Travels with Jim follows Jim Huston around the country as he visits with landscapers and helps them understand their numbers to make smarter decisions.

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Ike was an entrepreneur and in his eighth or ninth year as a landscape contractor. I met and worked with him on a recent trip to the Northwestern U.S. His story is typical: He was making money and thought that he was doing OK. However, he didn’t understand the numbers and the financial side of his business.

He knew that he needed help and a fellow landscape contractor turned him on to me. Ike and I talked on the phone about what he needed and what I might do for him. He decided to have me consult with him for a day in order to benchmark his business.

Upon arriving at his office, Ike and I tore into his financials and created a budget for 2017. It was during this budgeting process that I benchmarked his operation. However, before I could do so, I had to adjust his expenses and reformat his financials. This allowed me to move around some expenses (office remodeling, bonuses, cash paid for equipment, etc.) and adjust his net profit.

Ike’s crews were extremely productive, producing more than $1 million in sales. He was billing more than $200,000 per full-time landscape crew member – well above the industry average benchmark of $125,000. Material costs were in line at 27 percent of sales, as was direct field labor at 20 percent. His field crew average wage was $20 without overtime and $23 with overtime. Labor burden for field labor was about 20 percent of labor costs or 3.6 percent of sales.

Field equipment and truck costs were within acceptable parameters at 10.5 percent of sales. (This figure includes all costs for the same to include fuel, straight-line depreciation, repairs, insurances, mechanics, etc.) Add them all together and Ike’s direct costs were right at 60 percent of sales, which meant that his gross profit margin was nearly 40 percent.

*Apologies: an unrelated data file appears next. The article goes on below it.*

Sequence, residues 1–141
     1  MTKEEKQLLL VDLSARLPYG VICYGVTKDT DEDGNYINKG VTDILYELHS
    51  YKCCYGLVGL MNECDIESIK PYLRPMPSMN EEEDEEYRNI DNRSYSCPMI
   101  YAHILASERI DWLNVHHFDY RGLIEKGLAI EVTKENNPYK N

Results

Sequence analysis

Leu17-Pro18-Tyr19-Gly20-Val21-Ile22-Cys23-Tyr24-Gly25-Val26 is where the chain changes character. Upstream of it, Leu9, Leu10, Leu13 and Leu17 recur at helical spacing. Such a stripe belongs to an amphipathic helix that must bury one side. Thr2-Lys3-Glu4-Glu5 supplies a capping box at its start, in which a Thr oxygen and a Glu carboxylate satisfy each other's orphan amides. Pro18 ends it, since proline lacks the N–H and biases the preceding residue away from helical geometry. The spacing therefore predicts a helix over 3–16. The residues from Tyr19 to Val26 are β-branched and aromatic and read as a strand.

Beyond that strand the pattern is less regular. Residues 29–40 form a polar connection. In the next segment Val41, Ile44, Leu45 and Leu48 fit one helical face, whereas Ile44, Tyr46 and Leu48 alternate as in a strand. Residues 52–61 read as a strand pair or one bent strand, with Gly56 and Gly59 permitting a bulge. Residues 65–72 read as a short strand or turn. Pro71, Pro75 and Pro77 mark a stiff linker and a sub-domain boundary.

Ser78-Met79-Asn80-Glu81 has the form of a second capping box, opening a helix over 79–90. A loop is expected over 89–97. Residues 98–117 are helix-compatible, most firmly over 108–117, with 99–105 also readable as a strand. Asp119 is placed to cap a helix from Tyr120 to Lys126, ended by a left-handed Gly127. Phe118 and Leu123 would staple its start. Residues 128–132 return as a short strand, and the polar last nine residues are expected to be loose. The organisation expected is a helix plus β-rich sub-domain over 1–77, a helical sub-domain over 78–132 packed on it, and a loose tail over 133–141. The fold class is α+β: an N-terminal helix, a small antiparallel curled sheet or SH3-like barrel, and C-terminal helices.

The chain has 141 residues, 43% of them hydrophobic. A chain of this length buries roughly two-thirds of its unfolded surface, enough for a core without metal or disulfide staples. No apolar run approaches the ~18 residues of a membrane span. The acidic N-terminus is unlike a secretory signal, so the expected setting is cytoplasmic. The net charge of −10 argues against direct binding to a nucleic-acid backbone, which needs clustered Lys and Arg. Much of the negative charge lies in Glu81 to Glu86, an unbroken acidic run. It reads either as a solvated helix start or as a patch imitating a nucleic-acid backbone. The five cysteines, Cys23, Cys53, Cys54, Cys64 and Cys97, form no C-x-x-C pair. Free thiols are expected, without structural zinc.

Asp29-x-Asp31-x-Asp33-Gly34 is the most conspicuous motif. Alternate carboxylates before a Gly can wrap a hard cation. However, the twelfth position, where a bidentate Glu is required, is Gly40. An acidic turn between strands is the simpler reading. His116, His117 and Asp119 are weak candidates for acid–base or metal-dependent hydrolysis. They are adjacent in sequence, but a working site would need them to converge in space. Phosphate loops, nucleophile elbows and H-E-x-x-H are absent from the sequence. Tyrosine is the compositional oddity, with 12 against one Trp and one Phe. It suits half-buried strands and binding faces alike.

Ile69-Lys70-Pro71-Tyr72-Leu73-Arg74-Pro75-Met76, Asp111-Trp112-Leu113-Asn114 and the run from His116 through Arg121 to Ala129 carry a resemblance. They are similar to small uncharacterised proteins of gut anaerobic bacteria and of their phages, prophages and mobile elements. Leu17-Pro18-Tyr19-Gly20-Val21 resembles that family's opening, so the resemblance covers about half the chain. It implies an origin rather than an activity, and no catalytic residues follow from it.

Once you throw in some revenue from some lawn care work that his crews did and take out general and administrative overhead (near 18 percent of sales), Ike’s net profit hovered around 25 percent. Not bad for a young man who does not know much about finance and numbers. But that’s not the end of the story.

family before school.

Once we finished the budgeting and benchmarking process, Ike told me more about his story. His parents pulled him out of fourth grade to help save the family ranch. Fortunately, the family was able to do so.

Unfortunately, Ike never returned to school to finish his education. In lieu of a formal education, Ike developed an amazing work ethic and gained street smarts. He went on to build a very successful landscape business, a great family and a very bright future for all concerned.

Conclusion.

Ike was an extremely hard worker who had a very successful landscape company. He was also smart enough to know what he didn’t know, and to invest some money to learn more about his company’s financials, benchmarks and critical numbers. He may not have had book smarts but he had plenty of street smarts – and the bottom line to prove it.

I believe in education and have a bachelors’ degree in psychology, an MBA in finance and a master’s degree in Christian apologetics. You might say that I’m educated beyond my intelligence. However, it’s not formal education that you need to be successful as a green industry contractor. Like Ike, it’s street smarts, hard work and a teachable attitude that leads to business success. His formal education was beneath his intelligence. Lots of very successful people have little or no formal education.

I meet lots of young (and old) green industry contractors who have lots of book smarts but whose attitude is, “You can’t teach me anything.” And they’re absolutely right. I can’t! You may be well educated but if you don’t have a teachable attitude and a good work ethic, your education may far exceed your success.

Jim Huston runs J.R. Huston Consulting, a green industry consulting firm.